He added that the 2.6 millage rate would gain $60,000 from commercial uses.

“It goes from $30,000 to $90,000,” Browning said. “It scares me to use reserves. Maybe that’s because I’m retired now. That savings account can only be spent once.”

He pointed out that when he and other council members were on the LGWCD board, they put off raising assessments until they were forced to make a 50 percent increase. In addition, he noted that the town would still have among the lowest tax rates in the county.

Browning added that people want more services, and that the tax increase would be mitigated by the council’s partial underwriting of residential garbage assessments.

“If we want to come down, I would hate to come all the way down to 2, because that’s just barely more than what we’ve got now,” he said. “We have to come up with a budget number tonight… Something will have to go, because I don’t want to see us cut into that reserve too much.”

DeMarois was the sole holdout, saying that he wanted to remain at the current tax rate of 1.47 mills.

McLendon noted that the council could approve 1.5128 mills with four votes.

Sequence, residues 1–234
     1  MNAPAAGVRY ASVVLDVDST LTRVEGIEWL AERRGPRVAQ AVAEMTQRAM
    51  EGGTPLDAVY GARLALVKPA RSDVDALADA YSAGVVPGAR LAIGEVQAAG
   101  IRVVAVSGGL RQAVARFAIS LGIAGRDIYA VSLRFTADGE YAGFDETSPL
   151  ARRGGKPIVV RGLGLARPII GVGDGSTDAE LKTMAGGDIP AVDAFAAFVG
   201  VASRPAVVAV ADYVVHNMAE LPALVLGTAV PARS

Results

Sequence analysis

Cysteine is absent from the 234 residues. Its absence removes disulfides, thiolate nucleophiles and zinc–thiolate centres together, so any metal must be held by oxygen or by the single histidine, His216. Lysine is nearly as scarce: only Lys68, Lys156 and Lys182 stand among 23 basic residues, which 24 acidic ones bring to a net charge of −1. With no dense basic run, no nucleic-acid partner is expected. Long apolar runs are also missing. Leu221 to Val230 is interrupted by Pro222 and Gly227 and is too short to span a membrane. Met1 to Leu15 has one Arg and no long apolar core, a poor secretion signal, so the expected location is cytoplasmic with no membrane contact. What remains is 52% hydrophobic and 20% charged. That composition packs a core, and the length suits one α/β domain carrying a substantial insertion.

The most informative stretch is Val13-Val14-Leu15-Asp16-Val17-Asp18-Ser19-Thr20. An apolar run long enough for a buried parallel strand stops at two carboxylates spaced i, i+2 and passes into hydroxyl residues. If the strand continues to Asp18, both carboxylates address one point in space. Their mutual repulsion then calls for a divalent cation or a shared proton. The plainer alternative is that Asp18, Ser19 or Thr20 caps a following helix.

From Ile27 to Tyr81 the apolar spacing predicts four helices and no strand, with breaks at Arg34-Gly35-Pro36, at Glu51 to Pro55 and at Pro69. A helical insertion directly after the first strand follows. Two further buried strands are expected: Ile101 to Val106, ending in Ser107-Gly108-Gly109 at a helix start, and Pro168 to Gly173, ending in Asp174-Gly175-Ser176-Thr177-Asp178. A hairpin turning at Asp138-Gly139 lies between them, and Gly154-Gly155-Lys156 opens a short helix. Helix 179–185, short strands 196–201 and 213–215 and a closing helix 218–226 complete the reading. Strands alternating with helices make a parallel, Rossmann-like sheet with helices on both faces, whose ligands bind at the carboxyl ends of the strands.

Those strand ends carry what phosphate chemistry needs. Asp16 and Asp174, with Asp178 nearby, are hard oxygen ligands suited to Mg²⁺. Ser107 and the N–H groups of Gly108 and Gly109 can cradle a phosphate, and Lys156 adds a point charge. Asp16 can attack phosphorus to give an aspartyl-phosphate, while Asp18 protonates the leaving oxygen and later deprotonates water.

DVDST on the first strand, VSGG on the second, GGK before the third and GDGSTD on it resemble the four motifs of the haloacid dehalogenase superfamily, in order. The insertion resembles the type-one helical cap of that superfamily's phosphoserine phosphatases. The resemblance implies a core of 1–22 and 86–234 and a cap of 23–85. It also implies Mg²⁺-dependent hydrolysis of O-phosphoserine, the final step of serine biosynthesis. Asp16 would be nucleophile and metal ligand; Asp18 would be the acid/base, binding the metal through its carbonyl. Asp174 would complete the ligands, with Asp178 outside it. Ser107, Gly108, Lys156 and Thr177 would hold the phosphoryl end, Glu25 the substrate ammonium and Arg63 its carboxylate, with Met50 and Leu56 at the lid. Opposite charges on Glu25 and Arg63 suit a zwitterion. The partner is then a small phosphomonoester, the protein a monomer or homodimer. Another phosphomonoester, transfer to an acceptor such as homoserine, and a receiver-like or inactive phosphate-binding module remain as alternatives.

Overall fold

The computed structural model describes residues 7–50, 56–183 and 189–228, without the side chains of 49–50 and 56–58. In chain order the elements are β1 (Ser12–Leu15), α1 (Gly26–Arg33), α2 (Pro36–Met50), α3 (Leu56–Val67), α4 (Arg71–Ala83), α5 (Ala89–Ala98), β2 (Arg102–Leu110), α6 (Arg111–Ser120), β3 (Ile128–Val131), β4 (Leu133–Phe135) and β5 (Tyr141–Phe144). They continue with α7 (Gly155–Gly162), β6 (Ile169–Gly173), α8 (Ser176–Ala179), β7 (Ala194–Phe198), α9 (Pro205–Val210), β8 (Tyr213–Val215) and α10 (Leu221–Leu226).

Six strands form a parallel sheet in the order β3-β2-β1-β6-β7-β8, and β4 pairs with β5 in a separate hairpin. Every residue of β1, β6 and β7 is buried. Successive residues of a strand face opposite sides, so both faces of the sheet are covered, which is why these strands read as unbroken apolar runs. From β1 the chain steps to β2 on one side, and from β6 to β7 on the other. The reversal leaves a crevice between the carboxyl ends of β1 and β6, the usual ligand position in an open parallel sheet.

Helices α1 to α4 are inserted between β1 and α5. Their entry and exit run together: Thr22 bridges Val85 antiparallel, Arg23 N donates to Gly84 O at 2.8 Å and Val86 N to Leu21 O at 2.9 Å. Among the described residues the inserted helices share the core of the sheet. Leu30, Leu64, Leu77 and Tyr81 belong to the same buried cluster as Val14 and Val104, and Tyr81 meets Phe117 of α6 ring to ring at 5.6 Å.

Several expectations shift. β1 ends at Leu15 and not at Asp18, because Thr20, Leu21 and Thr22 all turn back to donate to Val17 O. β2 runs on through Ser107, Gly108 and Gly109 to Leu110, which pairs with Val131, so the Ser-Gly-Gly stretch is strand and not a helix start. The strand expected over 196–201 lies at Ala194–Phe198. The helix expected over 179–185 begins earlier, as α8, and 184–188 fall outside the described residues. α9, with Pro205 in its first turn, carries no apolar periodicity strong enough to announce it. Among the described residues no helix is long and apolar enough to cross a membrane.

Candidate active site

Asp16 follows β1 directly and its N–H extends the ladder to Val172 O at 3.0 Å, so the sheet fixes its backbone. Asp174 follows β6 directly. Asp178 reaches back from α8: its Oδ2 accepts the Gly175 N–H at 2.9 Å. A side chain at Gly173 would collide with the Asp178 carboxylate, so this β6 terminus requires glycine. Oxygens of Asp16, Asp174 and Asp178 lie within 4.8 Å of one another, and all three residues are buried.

“My question to Mr. DeMarois is, where do you plan on cutting services?” he asked. “What do you plan on cutting out of the budget?”

“Just like Mr. Jarriel said, take it out of the reserves and look at next year,” DeMarois said.

Jarriel made a motion to adopt a 2.0 millage rate, which would be 49.9 percent above the rollback rate of 1.3338 mills. McLendon said he would vote for the motion if it included removing council salaries. Jarriel did not accept that condition, and the motion failed 4-1 with McLendon dissenting.

After several more failed motions for rates of 1.99, 2.2 and 2.1 mills, the council approved a motion by McLendon of 2.15 mills, which carried 5-0.

The council then approved a balanced budget 4-1 on a motion by Councilman Ryan Liang with McLendon dissenting. It cut several items, including removing $55,340 from code enforcement for a 50 percent cut, removing $5,200 for special events, removing $20,000 for comp plan preparation, cutting $5,000 from public works, cutting $20,000 from repair and maintenance, and cutting $11,329 from the contingency fund.